The Yale College Council announced on Sunday that it has joined the Endowment Justice Coalition in support of the activist group’s demands for transparent and ethical investment practices at the University.

During a meeting on Jan. 25, the YCC Senate unanimously passed a resolution proposing the group at large join the coalition. According to the coalition’s website, its two main demands are that Yale divest from fossil fuels and cancel its holdings in Puerto Rican debt.

“The YCC has a unique position with the University,” YCC President Kahlil Greene ‘21 wrote in an email to the News. “We have access to some of the highest levels of administrators at Yale and we can use this privilege to voice the coalition’s case to campus decision makers.”

The email announcing the decision stated that the YCC will act as “formal partners” with students in the coalition to “[tackle] the climate crisis through divestment-related activism.” Greene added in his statement that the “ethos” and “legitimacy” of the YCC will be “extremely important” for lending its influence in future collaborations, such as potential partnerships with politicians or celebrities. According to Greene, this “unique platform” will be used to ensure that the coalition’s goals are met.

The Yale Investments Office does not typically comment on how it invests its $30 billion endowment. In an email to the News last fall, University President Peter Salovey said that while the University does not favor divestment, it asks outside endowment managers to avoid investing in companies that disregard the social and economic costs of climate change and fail to take action on reducing greenhouse gas emissions. Salovey underscored that the University has the will and capacity to make a meaningful difference in the fight to preserve the planet.

Student activists from the Endowment Justice Coalition, however, have organized demonstrations calling for divestment in the form of sit-ins at the Investments Office, a campus-wide class walkout last fall and a protest at the annual Yale-Harvard football game. Activists and the University have long remained at odds, with the students unable to confirm claims about specific holdings in the endowment and Yale unwilling to disclose its investments. The most recent financial documents cited by activists that detail parts of Yale’s endowment are current as of Sept. 30. Updated information past that point is not publicly available.

Greene said that supporting student activism is a priority for the current YCC administration. Still, he noted the work the YCC has already done in this area, citing its public statement supporting the halftime protest at the Yale-Harvard game.

“Now, though, we are standing side-by-side with students to ensure the safety of our planet and protection of our most vulnerable communities,” Greene said.

YCC senator and coalition member Abey Philip ‘22 told the News that this decision was based on the council’s “[acknowledgement] that climate change is real” and that “real action” can help the issue. Philip echoed Green, noting that the YCC can be a “helpful partner” and add a “layer of legitimacy” to the coalition.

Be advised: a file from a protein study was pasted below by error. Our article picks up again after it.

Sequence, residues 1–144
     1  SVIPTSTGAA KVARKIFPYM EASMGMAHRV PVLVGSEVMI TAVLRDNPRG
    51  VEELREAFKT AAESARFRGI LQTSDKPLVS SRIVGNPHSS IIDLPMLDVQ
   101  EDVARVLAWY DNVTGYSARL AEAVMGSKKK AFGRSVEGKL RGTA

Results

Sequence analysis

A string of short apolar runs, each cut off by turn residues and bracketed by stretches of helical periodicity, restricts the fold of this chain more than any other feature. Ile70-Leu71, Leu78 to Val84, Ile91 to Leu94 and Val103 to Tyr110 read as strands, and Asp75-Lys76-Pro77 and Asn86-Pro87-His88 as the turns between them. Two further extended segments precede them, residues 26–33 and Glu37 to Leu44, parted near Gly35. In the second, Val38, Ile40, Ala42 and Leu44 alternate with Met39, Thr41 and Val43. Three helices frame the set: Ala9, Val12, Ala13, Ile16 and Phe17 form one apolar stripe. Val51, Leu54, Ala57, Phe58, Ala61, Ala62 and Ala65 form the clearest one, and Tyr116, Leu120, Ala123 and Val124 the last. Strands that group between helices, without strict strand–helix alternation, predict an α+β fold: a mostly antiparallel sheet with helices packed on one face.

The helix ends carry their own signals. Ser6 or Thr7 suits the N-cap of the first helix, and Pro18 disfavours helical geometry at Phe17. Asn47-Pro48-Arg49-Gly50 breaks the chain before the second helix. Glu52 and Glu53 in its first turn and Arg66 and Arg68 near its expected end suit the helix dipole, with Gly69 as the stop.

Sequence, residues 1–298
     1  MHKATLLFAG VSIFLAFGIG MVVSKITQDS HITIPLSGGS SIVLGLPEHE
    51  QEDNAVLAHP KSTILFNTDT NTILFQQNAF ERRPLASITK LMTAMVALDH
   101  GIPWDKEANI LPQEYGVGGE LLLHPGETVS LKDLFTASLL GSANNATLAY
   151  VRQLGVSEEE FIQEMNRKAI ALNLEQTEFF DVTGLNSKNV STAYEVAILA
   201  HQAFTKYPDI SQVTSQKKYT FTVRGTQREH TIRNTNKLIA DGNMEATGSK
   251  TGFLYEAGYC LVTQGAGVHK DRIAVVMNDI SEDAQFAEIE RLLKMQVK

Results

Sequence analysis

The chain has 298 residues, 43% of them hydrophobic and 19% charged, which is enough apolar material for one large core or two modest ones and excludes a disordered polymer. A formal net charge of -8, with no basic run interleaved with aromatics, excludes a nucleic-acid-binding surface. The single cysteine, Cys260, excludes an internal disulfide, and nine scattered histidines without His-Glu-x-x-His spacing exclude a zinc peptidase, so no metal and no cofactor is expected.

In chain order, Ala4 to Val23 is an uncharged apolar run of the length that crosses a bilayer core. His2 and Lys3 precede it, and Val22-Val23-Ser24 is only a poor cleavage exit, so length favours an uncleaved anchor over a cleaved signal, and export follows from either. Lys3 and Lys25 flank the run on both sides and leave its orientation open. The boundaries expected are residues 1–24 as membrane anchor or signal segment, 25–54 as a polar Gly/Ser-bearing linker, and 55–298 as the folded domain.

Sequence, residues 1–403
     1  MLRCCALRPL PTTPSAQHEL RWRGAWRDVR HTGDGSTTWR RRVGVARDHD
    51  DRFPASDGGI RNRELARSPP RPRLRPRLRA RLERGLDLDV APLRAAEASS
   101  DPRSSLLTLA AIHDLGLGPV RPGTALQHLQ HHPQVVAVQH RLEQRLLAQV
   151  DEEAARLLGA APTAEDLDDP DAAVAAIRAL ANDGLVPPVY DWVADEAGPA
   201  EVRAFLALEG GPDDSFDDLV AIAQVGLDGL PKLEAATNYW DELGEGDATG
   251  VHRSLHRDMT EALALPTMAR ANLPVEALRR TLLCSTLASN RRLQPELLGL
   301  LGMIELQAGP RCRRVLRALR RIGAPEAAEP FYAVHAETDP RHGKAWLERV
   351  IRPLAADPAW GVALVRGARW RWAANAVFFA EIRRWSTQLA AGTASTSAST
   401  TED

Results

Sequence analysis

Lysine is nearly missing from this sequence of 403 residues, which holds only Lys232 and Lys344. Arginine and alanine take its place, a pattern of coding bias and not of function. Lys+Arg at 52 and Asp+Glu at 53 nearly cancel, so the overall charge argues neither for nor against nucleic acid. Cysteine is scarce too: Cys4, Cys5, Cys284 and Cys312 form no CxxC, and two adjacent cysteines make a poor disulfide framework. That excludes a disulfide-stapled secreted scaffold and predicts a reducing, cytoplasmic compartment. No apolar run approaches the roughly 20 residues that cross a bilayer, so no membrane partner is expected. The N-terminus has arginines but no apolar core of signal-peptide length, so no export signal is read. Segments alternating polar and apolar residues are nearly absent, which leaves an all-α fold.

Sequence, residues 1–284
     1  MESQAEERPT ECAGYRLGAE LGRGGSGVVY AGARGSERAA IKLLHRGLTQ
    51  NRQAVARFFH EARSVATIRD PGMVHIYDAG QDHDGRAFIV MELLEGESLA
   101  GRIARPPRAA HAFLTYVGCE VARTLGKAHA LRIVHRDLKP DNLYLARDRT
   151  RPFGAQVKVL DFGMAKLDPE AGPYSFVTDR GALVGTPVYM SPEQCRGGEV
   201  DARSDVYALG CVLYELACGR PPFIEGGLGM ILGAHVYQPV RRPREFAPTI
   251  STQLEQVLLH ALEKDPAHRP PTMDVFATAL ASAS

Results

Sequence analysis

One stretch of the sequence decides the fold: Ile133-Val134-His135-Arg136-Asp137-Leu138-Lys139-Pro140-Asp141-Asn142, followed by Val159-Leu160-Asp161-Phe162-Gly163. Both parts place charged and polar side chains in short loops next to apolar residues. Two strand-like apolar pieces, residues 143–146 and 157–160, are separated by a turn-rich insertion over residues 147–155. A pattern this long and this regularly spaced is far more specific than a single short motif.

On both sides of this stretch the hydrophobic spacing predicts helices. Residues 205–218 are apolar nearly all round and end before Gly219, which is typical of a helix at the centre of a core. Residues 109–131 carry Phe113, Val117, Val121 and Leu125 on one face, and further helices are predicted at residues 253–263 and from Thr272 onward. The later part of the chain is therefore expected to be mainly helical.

In particular, Philip said that the YCC’s access to the administration will further the coalition’s goals. Given that the YCC is comprised of elected representatives of the student body, he added that the Yale administration will “have to acknowledge” the YCC’s support of the coalition and demands for “substantive action.”

“I believe that the YCC can provide the coalition with the necessary legitimacy to interact with higher members of the administration from Peter Salovey to the board of trustees,” Philip said. “The YCC can now push for the coalition’s agenda in boardrooms they were previously denied access to.”

Still, it remains unclear how much leverage YCC’s statement will give to the endowment activists. Though the widely-publicized protests at the Harvard-Yale game last fall inspired a string of similar demonstrations at colleges around the nation, the Yale Investments Office has not responded publicly.

While the resolution was passed unanimously, not all YCC senators were equally enthusiastic about the decision.

YCC Senator Andrew Song ’22 was one of the few members who raised concerns regarding the resolution during the Senate meeting. He told the News that the coalition representatives’ emphasis that they will “escalate their actions, if necessary, to receive attention” from Yale “concerned him.”

While Song originally planned to vote against the resolution “as it(s) sole dissenter,” he eventually voted in favor of it since he “wanted it to at least be a unanimous Senate decision.” As a Pierson representative, he said that he was aware that “a majority of Pierson’s student body would have wanted” him to vote in favor, which also influenced his final vote.

“If the YCC are to act as a bridge between the administration and student groups like the coalition, we have to navigate this relationship by not explicitly positioning ourselves on one side,” Song said.

According to Song, he is “optimistic” that students will not interpret this collaboration as “an endorsement of breaking undergraduate regulations” — which is his “biggest fear.”

Still, YCC Senator Saket Malhotra ‘23 wrote in an email to the News that this decision would have a positive impact on the first-year class.

Malhotra noted that campus activism tends to dissolve as students graduate — an issue that could be resolved by this partnership. According to Malhotra, the YCC’s involvement with the coalition could give future classes a more immediate awareness and engagement with the divestment movement.

“The first year class is always looking for new ways to get involved on campus, and with YCC’s influence, the culture of environmental activism will remain strong for years to come,” Malhotra said.

Nineteen YCC senators were present and voted in favor of the resolution.


Alayna Lee |